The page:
For the past year I have been working on a series of applications all based on the Zend framework and centered on a complex business logic that all applications must have access to even if they don't use all (easier than having multiple library folders for each application as they are all linked together with a common center).

Without going into much detail about what the project is specifically about, I am looking for some input (as I am working on the project alone) on how I have "grouped" my code. I have tried to split it all up in such a way that it removes dependencies as much as possible.

I'm trying to keep it as decoupled as I logically can, so in 12 months time when my time is up anyone else coming in can have no problem extending on what I have produced.

Example structure:

applicationStorage\ (contains all applications and associated data)
applicationStorage\Applications\ (contains the applications themselves)

applicationStorage\Applications\external\ (application grouping folder) (contains all external customer access applications)
applicationStorage\Applications\external\site\ (main external customer access application)
applicationStorage\Applications\external\site\ZendExtended\ (contains extended Zend classes specific to this application example: ZendExtended_Controller_Action extends zend_controller_Action )
applicationStorage\Applications\external\mobile\ (mobile external customer access application different workflow limited capabilities compared to full site version)

applicationStorage\Applications\internal\ (application grouping folder) (contains all internal company applications)
applicationStorage\Applications\internal\site\ (main internal application)
applicationStorage\Applications\internal\mobile\ (mobile access has different flow and limited abilities compared to main site version)

applicationStorage\Tests\ (contains PHP unit tests)

applicationStorage\Library\Service\ (contains all business logic, services and servicelocator; these are completely decoupled from Zend framework and rely on models' interfaces)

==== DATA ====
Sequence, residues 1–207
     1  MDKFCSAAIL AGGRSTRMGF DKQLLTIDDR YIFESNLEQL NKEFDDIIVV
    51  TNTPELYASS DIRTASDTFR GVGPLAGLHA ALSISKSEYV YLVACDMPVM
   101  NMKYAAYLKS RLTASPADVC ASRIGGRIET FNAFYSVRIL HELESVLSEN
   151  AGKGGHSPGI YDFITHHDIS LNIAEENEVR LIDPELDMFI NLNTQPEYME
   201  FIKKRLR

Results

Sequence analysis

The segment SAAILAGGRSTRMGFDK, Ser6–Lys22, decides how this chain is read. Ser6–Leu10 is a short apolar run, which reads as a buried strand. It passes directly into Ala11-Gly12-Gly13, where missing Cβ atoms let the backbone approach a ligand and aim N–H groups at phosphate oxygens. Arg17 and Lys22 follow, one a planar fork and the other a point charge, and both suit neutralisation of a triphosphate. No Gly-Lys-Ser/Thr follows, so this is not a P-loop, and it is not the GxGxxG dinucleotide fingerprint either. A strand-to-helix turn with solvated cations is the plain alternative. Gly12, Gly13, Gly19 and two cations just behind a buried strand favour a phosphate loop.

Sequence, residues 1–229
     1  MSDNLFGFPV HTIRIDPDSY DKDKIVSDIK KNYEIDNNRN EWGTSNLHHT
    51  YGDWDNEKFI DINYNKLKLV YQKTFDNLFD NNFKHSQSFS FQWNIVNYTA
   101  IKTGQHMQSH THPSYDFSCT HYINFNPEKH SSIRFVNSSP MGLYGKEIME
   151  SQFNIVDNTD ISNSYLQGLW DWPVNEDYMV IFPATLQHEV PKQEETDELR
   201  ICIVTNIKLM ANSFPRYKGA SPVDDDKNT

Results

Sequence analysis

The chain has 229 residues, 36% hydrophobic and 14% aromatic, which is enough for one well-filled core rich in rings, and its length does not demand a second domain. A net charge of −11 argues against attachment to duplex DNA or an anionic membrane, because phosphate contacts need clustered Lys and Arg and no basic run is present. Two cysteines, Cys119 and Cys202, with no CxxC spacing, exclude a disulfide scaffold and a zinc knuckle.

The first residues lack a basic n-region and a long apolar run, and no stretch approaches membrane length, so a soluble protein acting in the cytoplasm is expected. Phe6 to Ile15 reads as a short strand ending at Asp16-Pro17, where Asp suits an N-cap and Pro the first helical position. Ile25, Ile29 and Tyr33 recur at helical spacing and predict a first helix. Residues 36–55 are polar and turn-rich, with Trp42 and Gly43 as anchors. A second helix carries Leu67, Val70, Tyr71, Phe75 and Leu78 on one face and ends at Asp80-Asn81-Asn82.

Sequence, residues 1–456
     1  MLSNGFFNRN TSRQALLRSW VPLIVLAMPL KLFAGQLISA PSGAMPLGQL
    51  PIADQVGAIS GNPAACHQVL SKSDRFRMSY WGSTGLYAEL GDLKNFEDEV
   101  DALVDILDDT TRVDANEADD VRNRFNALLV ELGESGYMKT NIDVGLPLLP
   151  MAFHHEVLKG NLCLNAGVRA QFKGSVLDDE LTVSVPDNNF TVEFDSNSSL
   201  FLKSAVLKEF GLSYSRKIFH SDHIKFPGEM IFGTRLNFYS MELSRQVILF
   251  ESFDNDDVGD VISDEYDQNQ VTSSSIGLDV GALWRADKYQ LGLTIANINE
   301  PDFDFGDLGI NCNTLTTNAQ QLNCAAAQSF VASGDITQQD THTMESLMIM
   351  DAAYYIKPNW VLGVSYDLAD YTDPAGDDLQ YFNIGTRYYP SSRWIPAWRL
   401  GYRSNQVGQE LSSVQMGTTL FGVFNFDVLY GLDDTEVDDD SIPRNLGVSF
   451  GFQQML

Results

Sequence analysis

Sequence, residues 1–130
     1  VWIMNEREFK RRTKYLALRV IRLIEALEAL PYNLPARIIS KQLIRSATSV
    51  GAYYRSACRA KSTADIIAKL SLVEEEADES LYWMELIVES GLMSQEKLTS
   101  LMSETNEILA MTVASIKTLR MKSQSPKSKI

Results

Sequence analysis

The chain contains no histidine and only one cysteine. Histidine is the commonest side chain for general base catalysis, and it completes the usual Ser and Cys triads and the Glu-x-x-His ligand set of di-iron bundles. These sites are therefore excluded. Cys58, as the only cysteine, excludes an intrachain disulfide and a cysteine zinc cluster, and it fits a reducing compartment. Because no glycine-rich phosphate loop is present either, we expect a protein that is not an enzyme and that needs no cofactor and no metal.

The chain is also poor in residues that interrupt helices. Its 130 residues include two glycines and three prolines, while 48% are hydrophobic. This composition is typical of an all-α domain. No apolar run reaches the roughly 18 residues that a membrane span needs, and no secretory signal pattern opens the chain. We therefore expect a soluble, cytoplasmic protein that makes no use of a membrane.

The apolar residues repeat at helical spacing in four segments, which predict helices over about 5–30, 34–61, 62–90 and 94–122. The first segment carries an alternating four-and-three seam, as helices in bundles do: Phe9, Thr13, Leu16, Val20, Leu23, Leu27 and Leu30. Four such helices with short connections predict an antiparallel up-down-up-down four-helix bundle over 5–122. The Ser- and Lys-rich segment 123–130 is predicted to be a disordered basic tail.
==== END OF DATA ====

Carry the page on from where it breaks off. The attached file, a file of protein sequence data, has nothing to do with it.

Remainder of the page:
applicationStorage\Library\Zend\ (Zend framework)
applicationStorage\Library\Models\ (doesn't know services but is linked to Zend framework for DB operations; contains model interfaces and model datamappers for all business objects; examples include Iorder/IorderMapper, Iworksheet/IWorksheetMapper, Icustomer/IcustomerMapper)

(Note: the Modules, Config, Layouts and ZendExtended folders are duplicated in each application folder; but i have omitted them as they are not required for my purposes.)

For the library this contains all "universal" code. The Zend framework is at the heart of all applications, but I wanted my business logic to be Zend-framework-independent. All model and mapper interfaces have no public references to Zend_Db but actually wrap around it in private.

So my hope is that in the future I will be able to rewrite the mappers and dbtables (containing a Models_DbTable_Abstract that extends Zend_Db_Table_Abstract) in order to decouple my business logic from the Zend framework if I want to move my business logic (services) to a non-Zend framework environment (maybe some other PHP framework).

Using a serviceLocator and registering the required services within the bootstrap of each application, I can use different versions of the same service depending on the request and which application is being accessed.

Example: all external applications will have a service_auth_External implementing service_auth_Interface registered.

Same with internal aplications with Service_Auth_Internal implementing service_auth_Interface Service_Locator::getService('Auth').

I'm concerned I may be missing some possible problems with this.

One I'm half-thinking about is a config.ini file for all externals, then a separate application config.ini overriding or adding to the global external config.ini.

If anyone has any suggestions I would be greatly appreciative.

I have used contextswitching for AJAX functions within the individual applications, but there is a big chance both external and internal will get web services created for them. Again, these will be separated due to authorization and different available services.


1 Answer 1


Ultimately some code will be specific to your application's "business logic", and some is "library code". For example, something that validates form input can generally be regarded as "library", whereas something that helps you calculate the offers available for client X in a given month are clearly "business logic".

This is more of a version control issue, and there are many ways you can skin this particular cat. Tools like Maven (and to some extent Phing/Ant) are built to assemble applications from various, disparate sources - based on some sort of external configuration file (generally XML). This means you can maintain separate repos for library code and import it into Application X if you need it.

If you have control over your host, then you could think about moving library stuff into the include path - and maintain that as a separate long term project.

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